The best way to consolidate debt depends on how much debt you currently have, your credit score and credit history, and whether you have home equity or investment accounts.
Here are the most effective ways you can consolidate your debt:
1. Consolidation Loan
Consolidation loans provide competitive interest rates, and can be used to consolidate credit cards or any other type of debt. You’ll have a fixed interest rate and monthly payment that won’t change.
They can be harder to get a lower rate for those with bad credit, but typically the maximum interest rate is still lower than most credit cards, so they can help you pay your debt off faster.
We recommend applying with SuperMoney Loans, who will find your best loan offer up to $100,000 with rates as low as 4.99%. Plus, checking your rate won’t affect your credit score. Get your personalized loan offer in seconds!
2. Home Equity Loan or Line of Credit
If you’re a homeowner, you may be able to take out a line of credit (HELOC) from the equity acquired in your home.
To be eligible, you’ll need a home appraisal. If what you owe on your mortgage is less than the appraised amount of your house, you can use the difference for a HELOC.
Example: Your house is appraised with a value of $250,000. You owe $200,000 on your mortgage. You could be eligible for a HELOC of up to $50,000.
A HELOC typically has the lowest interest rate of any loan since it is a secured loan, using your house as collateral. However, this also means that if you fail to make your monthly payment, you could lose your house.
A HELOC also has a long repayment period (up to 20 years), so while they can offer a lower monthly payment, you’ll remain in debt a long time if you don’t make additional payments on top of the minimum.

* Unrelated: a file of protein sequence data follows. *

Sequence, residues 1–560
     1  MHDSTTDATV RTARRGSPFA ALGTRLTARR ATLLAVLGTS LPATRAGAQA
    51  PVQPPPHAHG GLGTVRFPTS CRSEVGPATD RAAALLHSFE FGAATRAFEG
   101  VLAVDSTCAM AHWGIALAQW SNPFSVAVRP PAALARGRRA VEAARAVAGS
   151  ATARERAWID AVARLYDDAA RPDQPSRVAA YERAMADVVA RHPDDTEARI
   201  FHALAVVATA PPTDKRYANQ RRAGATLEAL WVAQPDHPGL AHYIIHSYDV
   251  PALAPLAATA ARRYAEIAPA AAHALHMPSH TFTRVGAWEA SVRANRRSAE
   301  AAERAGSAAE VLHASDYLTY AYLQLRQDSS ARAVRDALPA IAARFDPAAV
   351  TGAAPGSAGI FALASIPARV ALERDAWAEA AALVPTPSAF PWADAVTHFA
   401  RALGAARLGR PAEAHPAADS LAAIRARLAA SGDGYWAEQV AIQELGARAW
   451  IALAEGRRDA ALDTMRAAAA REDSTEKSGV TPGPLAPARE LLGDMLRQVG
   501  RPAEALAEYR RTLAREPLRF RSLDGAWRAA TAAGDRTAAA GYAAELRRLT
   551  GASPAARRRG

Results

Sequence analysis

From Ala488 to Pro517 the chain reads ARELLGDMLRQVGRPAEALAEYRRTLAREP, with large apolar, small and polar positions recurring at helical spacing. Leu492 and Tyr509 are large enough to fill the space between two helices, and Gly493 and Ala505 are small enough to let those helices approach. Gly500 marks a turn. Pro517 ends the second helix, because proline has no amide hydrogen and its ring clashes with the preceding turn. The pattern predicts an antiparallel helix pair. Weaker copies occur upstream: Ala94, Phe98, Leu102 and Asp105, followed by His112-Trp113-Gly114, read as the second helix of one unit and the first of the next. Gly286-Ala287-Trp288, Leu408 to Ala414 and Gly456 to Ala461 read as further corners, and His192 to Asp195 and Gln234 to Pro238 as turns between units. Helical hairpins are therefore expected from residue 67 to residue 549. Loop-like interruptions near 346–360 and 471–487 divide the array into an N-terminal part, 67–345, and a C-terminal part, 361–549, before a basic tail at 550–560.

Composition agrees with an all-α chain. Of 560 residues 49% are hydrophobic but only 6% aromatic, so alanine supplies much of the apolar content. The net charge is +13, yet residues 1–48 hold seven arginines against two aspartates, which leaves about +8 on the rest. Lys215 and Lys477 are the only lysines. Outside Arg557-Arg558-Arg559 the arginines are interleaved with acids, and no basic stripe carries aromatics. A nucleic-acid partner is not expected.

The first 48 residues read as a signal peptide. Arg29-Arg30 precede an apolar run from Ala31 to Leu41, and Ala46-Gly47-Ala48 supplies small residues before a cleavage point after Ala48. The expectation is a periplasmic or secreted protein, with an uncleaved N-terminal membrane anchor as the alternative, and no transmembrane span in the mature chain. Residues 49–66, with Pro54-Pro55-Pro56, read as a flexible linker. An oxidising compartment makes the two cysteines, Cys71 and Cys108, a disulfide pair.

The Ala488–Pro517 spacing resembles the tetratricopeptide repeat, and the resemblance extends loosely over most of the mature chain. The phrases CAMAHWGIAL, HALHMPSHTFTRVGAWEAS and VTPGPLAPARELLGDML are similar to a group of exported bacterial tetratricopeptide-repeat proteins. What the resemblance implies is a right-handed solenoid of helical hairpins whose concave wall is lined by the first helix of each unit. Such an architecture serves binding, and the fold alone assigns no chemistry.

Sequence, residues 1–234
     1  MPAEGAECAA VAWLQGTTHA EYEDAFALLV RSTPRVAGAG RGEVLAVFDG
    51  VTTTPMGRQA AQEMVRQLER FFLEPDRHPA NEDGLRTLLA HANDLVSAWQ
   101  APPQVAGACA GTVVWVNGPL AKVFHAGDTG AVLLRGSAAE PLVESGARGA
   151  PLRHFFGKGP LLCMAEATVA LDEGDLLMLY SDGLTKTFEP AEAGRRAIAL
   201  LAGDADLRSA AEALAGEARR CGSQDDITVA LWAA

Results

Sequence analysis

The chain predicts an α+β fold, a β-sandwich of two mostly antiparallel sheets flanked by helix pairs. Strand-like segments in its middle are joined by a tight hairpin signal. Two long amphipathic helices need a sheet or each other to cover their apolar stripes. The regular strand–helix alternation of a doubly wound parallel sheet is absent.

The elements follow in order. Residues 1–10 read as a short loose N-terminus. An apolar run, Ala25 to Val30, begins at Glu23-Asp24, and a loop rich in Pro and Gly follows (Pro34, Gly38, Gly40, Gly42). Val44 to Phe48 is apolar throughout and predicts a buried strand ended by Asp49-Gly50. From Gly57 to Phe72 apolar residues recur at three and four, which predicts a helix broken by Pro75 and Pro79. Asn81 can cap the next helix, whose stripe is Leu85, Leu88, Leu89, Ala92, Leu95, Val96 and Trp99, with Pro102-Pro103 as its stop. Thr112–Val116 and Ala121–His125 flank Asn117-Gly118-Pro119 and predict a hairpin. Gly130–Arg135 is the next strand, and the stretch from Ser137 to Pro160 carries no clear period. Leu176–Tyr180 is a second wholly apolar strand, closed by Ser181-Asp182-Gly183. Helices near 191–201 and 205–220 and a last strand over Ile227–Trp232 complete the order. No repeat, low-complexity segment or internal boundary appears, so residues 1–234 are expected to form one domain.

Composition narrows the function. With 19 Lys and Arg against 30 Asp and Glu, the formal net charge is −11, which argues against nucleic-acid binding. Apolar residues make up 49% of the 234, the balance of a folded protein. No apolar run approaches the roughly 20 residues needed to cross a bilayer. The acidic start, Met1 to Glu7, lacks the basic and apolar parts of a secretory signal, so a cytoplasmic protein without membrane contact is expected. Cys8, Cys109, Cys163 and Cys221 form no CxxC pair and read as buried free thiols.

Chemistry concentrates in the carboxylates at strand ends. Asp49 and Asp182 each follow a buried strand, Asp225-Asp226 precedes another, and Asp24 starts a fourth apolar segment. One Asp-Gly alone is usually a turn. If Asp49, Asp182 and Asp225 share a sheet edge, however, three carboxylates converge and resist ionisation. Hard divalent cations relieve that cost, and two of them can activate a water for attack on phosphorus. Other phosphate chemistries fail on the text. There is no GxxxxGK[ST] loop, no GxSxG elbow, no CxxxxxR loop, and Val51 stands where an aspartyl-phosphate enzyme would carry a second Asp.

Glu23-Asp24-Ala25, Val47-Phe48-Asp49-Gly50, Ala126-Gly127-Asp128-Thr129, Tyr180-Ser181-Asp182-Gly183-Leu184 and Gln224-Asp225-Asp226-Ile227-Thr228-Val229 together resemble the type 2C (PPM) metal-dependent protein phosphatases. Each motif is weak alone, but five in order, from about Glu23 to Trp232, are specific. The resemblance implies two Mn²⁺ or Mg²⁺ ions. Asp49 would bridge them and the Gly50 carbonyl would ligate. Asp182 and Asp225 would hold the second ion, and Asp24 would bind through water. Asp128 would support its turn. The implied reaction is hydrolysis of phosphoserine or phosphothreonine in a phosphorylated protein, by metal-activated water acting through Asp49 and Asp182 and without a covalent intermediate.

3. 401(k) Loan
If you contribute to an employer-sponsored retirement account like a 401(k) plan, you can take out a loan against the balance of your account.
The benefits of a 401(k) loan are that they don’t show up on your credit score, and they have a low interest rate. They typically have a repayment period of five years.
However, taking a loan out of your 401(k) plan can significantly reduce your retirement. If you can’t repay your loan, there are also penalties and taxes on the unpaid balance. And if you lose or quit your job, then you must pay the loan off within 60 days.
A 401(k) loan is only advisable when all other options are off the table.
4. Debt Settlement Plan
A debt settlement plan provides a fixed monthly payment at a reduced interest rate. If you can’t qualify for other options, or have a low credit score, then it may be best to look into debt settlement.
You’ll be connected with a debt relief consultant who will go over your personal situation and come up with a suitable relief strategy and program.
You will need to have a regular income, and a debt settlement plan will typically last for 3 to 5 years.
Access Debt Relief offers a number of debt strategies that have helped millions of people, and their providers are open and available any day of the week, 24 hours a day.
Alternatives to Debt Consolidation
Credit Card Balance Transfer
If you have good to excellent credit, you may qualify for a balance transfer credit card.
Yes it may sound counter-intuitive to get out of credit card debt by opening a new credit card, but a balance transfer card typically offers a promotional period of 12 to 18 months that charges no interest.
Most balance transfer cards have an initial 3 to 5% transfer fee, so it’s best to calculate if the interest you save over time will negate the cost of the transfer itself (a 5% fee on a $10,000 balance transfer would be $500). And once the promotional period ends, you’ll start being charged the standard interest fees.
For this to be most effective, you’ll need make a solid plan to pay off the entire debt before the promotional period is over, otherwise you’ll find yourself back in the same debt cycle again.